Relations between Latvia and Russia

09.09.2022. 12:07

Latvia seeks to develop relations with the Russian Federation in accordance with the principles of international law and in line with one of its key foreign policy priorities - the maintenance of good relations with neighbouring countries. Latvia sees its relations with the Russian Federation as taking the form of a constructive dialogue in the context of both bilateral and multilateral cooperation.

Bilaterally, cooperation with the Russian Federation is being pursued through:

- political dialogue (meetings of state officials)

- direct contacts between ministries and other state institutions;

- regional and cross-border cooperation.

Bilateral Agreements

History of Diplomatic Relations

On 11 August 1920, the Republic of Latvia and the Russian Soviet Federal Socialist Republic signed a peace treaty. Article 14 of the Treaty provided for the establishment of diplomatic and consular contacts between the parties upon ratification of the peace treaty.

The Latvian Embassy in Russia

Latvia's first diplomatic representative in Soviet Russia was Ambassador Janis Vesmanis. Mr Vesmanis presented his letter of accreditation on 2 November 1920. The Latvian Embassy was located in Moscow from 1920 to 1940.  

Latvian consular representations in Russia

Latvian consular representations were established during the Civil War period (1919-1920) in Blagoveshchensk and Murmansk. Consular functions were also performed by representatives of the Latvian Interim Government: in Northern Russia by Alfreds Ikners (Archangelsk), in Southern Russia by Kristaps Bahmanis (Kiev) and Rudolfs Liepins (Don and Kuban). From June 1919 to October 1920, Latvia was also represented in Siberia and the Urals by Janis Mazpolis (Vladivostok).  

Following the signing of the peace treaty, the following Latvian consular representations operated in Soviet Russia (as of December 1922 - the USSR):

- Moscow: Consulate-General (1920-1923)

- Petrograd (as of 1924 - Leningrad):

    - Consulate-General (1924-1932, 1937-1938)

    - Consulate (1920-1924, 1932-1937)

- Nizhny Novgorod: Consulate (1920-1921)

- Omsk: Consulate (1921-1923)

- Vitebsk: Consulate (1925-1932)

- Vladivostok: consular agency (1920-1923)

Russian diplomatic and consular representations in Latvia

The first official representative of Soviet Russia in Latvia, Jakov Ganecki, was accredited on 1 October 1920.

The USSR had the following consular representations in Latvia:

- Riga:

     - Consulate-General (1925-1934)

     - Consulate (1938)

- Daugavpils: Consulate (1923-1932)

- Liepaja: Consulate (1923-1932)

On 24 August 1991, the Russian Federation recognised the restored independence of Latvia, and diplomatic relations were renewed on October 4 of the same year.

Latvia’s economic relations with Russian Federation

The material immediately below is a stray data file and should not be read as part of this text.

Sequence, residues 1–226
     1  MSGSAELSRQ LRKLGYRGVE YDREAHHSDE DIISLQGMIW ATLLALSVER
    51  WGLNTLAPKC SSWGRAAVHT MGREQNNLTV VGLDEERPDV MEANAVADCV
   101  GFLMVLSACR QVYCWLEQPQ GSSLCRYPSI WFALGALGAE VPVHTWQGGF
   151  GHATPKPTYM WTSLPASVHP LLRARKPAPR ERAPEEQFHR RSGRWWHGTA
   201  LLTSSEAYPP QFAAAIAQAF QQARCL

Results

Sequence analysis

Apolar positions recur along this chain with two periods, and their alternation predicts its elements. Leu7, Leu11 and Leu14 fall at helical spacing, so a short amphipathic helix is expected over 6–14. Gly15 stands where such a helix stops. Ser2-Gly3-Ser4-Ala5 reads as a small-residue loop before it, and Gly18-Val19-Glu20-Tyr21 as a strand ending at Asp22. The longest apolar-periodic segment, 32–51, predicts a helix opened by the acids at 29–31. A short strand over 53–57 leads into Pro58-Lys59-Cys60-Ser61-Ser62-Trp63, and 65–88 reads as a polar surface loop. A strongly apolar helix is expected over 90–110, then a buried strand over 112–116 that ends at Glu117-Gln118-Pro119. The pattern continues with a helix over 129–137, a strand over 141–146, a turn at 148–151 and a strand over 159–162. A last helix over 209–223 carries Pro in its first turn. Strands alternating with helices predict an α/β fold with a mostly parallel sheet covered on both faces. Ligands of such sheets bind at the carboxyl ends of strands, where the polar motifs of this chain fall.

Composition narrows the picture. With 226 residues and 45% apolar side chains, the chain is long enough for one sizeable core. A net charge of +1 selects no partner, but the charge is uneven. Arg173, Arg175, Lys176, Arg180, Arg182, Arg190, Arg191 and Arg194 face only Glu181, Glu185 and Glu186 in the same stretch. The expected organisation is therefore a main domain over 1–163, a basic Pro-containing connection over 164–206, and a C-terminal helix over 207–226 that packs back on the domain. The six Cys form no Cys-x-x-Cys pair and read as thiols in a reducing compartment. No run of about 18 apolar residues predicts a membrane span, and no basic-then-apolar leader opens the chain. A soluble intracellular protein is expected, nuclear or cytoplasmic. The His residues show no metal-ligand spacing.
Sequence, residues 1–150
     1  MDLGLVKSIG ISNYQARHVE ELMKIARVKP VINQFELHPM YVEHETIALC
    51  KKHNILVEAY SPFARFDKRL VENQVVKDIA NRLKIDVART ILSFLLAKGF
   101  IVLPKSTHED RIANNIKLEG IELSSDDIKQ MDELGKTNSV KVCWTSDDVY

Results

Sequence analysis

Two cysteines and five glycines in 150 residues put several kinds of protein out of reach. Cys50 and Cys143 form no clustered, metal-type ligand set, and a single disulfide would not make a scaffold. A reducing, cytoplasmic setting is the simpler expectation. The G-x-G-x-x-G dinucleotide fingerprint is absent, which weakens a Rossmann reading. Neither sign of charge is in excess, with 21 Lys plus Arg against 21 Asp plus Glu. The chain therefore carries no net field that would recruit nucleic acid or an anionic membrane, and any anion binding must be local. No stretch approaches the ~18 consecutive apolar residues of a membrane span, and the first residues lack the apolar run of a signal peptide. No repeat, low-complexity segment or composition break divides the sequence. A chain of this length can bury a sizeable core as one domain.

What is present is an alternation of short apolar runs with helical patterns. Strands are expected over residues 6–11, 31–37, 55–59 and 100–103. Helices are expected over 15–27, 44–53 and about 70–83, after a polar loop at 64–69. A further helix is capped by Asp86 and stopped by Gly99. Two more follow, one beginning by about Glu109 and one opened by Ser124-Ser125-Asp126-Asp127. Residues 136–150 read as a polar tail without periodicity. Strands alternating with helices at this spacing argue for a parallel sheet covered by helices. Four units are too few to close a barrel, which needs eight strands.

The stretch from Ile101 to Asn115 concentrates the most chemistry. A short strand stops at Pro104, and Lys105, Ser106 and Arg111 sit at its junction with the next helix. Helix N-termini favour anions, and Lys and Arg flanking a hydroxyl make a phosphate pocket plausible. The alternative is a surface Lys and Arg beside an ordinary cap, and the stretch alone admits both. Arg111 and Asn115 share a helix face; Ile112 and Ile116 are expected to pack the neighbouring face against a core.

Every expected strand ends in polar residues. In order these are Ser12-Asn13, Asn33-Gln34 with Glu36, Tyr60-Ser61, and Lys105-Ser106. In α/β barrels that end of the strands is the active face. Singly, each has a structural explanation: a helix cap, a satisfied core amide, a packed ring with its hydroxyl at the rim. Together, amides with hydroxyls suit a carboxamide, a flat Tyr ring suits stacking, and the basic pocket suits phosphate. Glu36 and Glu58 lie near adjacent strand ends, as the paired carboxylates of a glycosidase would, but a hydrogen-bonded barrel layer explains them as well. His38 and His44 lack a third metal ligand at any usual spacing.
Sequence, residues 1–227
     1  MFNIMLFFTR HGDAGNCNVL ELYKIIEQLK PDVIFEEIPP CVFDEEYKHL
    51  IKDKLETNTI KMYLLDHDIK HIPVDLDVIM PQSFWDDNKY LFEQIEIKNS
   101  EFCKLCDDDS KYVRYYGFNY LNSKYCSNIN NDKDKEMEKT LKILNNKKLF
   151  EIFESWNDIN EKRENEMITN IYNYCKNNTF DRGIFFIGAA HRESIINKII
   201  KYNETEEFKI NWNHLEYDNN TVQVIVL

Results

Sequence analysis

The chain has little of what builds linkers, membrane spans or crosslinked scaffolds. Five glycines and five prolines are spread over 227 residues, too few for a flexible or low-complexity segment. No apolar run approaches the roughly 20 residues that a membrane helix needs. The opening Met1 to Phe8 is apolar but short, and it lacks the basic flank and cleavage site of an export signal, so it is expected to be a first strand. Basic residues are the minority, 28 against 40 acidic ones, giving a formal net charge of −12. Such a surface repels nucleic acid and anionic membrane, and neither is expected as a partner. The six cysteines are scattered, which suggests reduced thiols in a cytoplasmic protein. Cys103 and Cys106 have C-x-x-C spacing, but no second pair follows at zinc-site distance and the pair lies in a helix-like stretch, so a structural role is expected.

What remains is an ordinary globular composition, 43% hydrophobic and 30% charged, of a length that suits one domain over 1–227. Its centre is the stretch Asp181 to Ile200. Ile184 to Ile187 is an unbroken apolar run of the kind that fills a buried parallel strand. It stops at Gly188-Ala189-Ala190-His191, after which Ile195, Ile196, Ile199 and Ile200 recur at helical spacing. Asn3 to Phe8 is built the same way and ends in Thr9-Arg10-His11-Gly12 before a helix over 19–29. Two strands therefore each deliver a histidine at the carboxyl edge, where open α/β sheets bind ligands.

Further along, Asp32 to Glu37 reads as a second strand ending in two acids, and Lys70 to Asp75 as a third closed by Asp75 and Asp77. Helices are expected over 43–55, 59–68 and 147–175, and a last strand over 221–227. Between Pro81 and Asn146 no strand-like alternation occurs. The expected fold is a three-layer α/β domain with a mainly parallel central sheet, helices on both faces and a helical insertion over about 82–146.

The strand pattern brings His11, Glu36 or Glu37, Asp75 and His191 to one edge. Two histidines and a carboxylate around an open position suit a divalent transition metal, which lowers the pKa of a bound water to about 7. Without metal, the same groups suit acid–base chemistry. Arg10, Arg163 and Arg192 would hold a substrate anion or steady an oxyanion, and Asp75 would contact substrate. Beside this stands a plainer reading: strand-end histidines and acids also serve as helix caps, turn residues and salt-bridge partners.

Goods trade in the first half of 2015:

In the first half of 2015, the total goods trade turnover with Russia amounted to 871.63 MEUR. Russia, with 8.92% of the total volume of trade, is Latvia’s third largest goods trade partner. In the first half of 2015, the turnover of trade in goods between Latvia and Russia decreased by 12.5%, or by 124.26 MEUR, compared to the first half of 2014.

Russia is the third largest export partner for Latvian products. In the first half of 2015, exports of Latvia to Russia amounted to 378 MEUR. During this period, the volume of goods export to Russia decreased by 20%, or by95 MEUR, compared to the first half of 2014.

Russia is the fourth largest import partner of Latvia. In the first half of 2015, import from Russia amounted to 494 MEUR. During this period, the volume of goods import from Russia decreased by 5.5%, or by 29 MEUR, compared to the first half of 2014.

The main goods exported to Russia during this period were food industry products (27%, mainly alcohol, wine and fish preserves); machinery, mechanisms and electric appliances (26%); and products of the chemical or allied industries (10%).

The main goods imported from Russia during this period were mineral products (42%, mainly oil gases and oils); base metals and articles of base metals (25%); and products of the chemical or allied industries (11%, mainly fertilizers).

Goods trade in the first half of 2015 (Data of the Central Statistics Board)



  1. Lithuania – EUR 804,958,602, or 17.84% of the total exports of Latvia
  2. Estonia – EUR 505,958,201, or 11.21%
  3. Russia – EUR 378,126,018, or 8.38%
  4. Germany – EUR 289,317,597, or 6.41%
  5. Poland – EUR 272,311,079, or 6.04%


  1. Lithuania – EUR 884,925,896, or16.83% of the total imports of Latvia
  2. Poland – EUR 590,067,151, or11.22%
  3. Germany – EUR 515,226,768, or9.80%
  4. Russia – EUR 493,510,484, or9.39%
  5. Estonia – EUR 392,772,494, or 7.47%